Sen. Elizabeth Warren (D-Mass.) took a swipe at Wall Street Tuesday, detailing a host of vacations, cruises and other perks that retirement professionals commonly receive for steering clients into particular investments. The rewards provide investment experts with plush incentives to shortchange retirees for their own personal benefit.
Warren's description of the perks, outlined in a report issued by her office, serves as a fresh defense of a retirement security rule proposed by the Obama administration, which would prohibit such activity. Americans collectively lose about $17 billion dollars a year to conflicted retirement account advice, according to the administration.
To solve that problem, the Department of Labor would impose a "fiduciary duty" on fund managers, requiring them to make investment decisions in the best interests of their clients and making it illegal for investment professionals to push clients into under-performing investments in order to score vacations or other benefits. Wall Street has aggressively lobbied against the rule, which is opposed by Republicans and many conservative Democrats with close ties to the financial industry.
"The most frequently cited inducements involve paid trips to resorts and vacation destinations – often touted as annual sales meetings or conventions 'with an educational component,'" the Warren report reads. "One company noted the ubiquity and importance of these trips, describing them as a 'long standing practice' and 'an important tool … to incent sales.'"
Warren's report details a host of rewards that annuities agents receive for high sales volumes. While the perks -- which the report describes as "kickbacks" -- do not compensate investment experts for specific sales of individual products, they do provide them with incentives to sell particular products to their overall client base, without regard to whether such products are appropriate for their financial profile.
American Equity offered a trip to San Francisco in October 2015 for "top performing" sales agents ("and their guests") with sales of over $3 million in annuities and life insurance. The company brochure for this trip notes that the "event [is] in one of the country’s most picturesque and storied cities … at one of the world’s most luxurious hotels."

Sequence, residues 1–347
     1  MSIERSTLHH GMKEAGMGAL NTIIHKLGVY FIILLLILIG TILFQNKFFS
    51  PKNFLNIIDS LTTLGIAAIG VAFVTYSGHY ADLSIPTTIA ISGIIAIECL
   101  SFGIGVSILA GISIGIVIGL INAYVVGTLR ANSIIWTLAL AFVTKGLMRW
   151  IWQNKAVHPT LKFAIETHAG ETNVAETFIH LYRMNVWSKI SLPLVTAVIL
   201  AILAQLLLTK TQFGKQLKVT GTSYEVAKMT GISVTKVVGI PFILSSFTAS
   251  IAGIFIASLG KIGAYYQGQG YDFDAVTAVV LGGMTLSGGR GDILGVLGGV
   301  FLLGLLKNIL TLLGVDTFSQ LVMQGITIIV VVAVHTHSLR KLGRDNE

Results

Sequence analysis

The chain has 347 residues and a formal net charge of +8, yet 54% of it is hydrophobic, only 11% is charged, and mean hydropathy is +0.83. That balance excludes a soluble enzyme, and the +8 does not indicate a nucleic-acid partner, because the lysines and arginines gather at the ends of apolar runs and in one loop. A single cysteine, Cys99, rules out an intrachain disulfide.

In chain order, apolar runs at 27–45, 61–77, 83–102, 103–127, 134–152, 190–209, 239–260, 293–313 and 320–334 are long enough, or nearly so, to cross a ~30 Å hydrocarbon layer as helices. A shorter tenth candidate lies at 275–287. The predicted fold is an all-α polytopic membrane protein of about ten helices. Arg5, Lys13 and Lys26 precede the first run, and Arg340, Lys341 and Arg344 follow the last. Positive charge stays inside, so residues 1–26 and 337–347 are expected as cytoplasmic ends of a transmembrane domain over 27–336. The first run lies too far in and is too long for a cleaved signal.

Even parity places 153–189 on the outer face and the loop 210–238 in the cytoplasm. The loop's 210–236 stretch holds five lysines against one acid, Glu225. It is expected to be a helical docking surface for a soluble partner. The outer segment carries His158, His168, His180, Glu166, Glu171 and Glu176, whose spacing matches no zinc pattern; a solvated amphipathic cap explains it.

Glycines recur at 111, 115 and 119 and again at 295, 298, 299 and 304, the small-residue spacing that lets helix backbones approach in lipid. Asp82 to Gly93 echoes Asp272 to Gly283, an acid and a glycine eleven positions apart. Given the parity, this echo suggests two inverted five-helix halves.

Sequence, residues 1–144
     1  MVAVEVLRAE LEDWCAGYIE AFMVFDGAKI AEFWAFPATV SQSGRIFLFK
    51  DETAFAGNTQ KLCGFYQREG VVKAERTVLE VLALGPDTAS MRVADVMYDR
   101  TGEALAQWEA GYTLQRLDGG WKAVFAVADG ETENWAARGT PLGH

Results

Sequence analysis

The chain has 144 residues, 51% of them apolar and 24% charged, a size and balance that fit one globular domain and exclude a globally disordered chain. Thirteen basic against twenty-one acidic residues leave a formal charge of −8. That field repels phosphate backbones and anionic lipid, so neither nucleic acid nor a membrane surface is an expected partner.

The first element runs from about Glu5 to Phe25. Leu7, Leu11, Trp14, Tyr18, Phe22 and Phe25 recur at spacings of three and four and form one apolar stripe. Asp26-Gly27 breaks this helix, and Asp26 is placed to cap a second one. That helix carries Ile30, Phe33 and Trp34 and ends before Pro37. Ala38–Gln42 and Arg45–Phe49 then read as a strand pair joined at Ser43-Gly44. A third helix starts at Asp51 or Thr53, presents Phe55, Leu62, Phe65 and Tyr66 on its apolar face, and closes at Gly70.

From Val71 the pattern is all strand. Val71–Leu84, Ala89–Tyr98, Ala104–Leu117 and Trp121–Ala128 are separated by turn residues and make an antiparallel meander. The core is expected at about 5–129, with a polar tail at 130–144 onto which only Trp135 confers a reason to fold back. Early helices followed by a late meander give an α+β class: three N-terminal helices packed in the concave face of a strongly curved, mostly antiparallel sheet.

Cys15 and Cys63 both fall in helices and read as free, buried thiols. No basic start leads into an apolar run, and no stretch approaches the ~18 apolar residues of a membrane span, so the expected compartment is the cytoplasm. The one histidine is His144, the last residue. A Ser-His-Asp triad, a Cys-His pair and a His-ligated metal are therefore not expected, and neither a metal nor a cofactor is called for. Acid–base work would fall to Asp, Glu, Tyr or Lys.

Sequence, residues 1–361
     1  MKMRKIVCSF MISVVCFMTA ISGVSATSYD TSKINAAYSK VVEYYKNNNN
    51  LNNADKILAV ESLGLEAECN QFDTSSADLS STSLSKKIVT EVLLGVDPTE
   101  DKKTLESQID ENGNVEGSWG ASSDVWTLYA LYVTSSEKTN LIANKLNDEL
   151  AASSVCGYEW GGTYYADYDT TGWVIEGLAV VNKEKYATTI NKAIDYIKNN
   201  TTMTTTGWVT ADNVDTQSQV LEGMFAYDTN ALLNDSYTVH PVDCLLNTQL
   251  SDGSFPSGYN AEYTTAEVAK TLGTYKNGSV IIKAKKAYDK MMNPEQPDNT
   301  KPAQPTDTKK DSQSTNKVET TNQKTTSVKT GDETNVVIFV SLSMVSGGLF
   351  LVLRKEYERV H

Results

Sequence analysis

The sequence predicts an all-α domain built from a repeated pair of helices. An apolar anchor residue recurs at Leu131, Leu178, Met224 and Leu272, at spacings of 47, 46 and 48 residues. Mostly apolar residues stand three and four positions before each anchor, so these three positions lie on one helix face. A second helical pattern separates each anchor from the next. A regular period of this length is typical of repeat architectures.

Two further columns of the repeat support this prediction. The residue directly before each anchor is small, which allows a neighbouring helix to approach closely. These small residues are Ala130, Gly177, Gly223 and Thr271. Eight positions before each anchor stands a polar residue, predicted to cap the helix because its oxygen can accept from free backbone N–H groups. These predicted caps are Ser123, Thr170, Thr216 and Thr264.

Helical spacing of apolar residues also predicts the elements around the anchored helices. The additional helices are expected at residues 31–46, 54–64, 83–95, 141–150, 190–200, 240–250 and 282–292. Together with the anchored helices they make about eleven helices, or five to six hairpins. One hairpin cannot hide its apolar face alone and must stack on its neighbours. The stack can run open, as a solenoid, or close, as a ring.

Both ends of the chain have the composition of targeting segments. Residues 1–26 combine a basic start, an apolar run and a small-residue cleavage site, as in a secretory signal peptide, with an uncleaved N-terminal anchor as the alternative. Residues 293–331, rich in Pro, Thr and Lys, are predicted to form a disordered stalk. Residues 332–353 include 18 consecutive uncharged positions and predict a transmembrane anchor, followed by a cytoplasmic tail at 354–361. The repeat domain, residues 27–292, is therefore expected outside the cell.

Lincoln Financial offered agents a trip to South Africa in 2015, followed by an offer in 2016 for "an extraordinary getaway to the newest resort destination in the Bahamas, Baha Mar. … Days will be spent unwinding on the sun-drenched sands of Cable Beach, exploring the sparkling turquoise waters of the Atlantic, immersing yourself in the Bahamian culture at a bustling market or enjoying cool ocean breezes from the fairways."
Fidelity Guarantee and Life offered agents the opportunity to attend the company’s 2015 Power Producer Conference at the Four Seasons Resort in Punta Mita, Mexico. Mutual Trust invited sales agents to its annual Vanguard Conference in Laguna Beach, California, offering "star treatment" to its top agents; American National offered a five-day, four-night stay at the Cove Atlantis on Paradise Island in the Bahamas for top-selling agents and their guests.
Warren said that such lavish travel arrangements are only described in "the broadest and most vague terms" in official investment disclosures -- terms that conceal their vacation-oriented nature.
While most rank-and-file Democrats have been quiet (or at times, even hostile) to the Obama administration's retirement security rule, Warren has emerged as its staunchest proponent in Washington -- a marked shift from the summer, when Warren and Obama publicly feuded over trade policy.
Zach Carter is The Huffington Post's senior political economy reporter and a co-host of the HuffPost Politics podcast, "So That Happened." Listen to the latest episode here: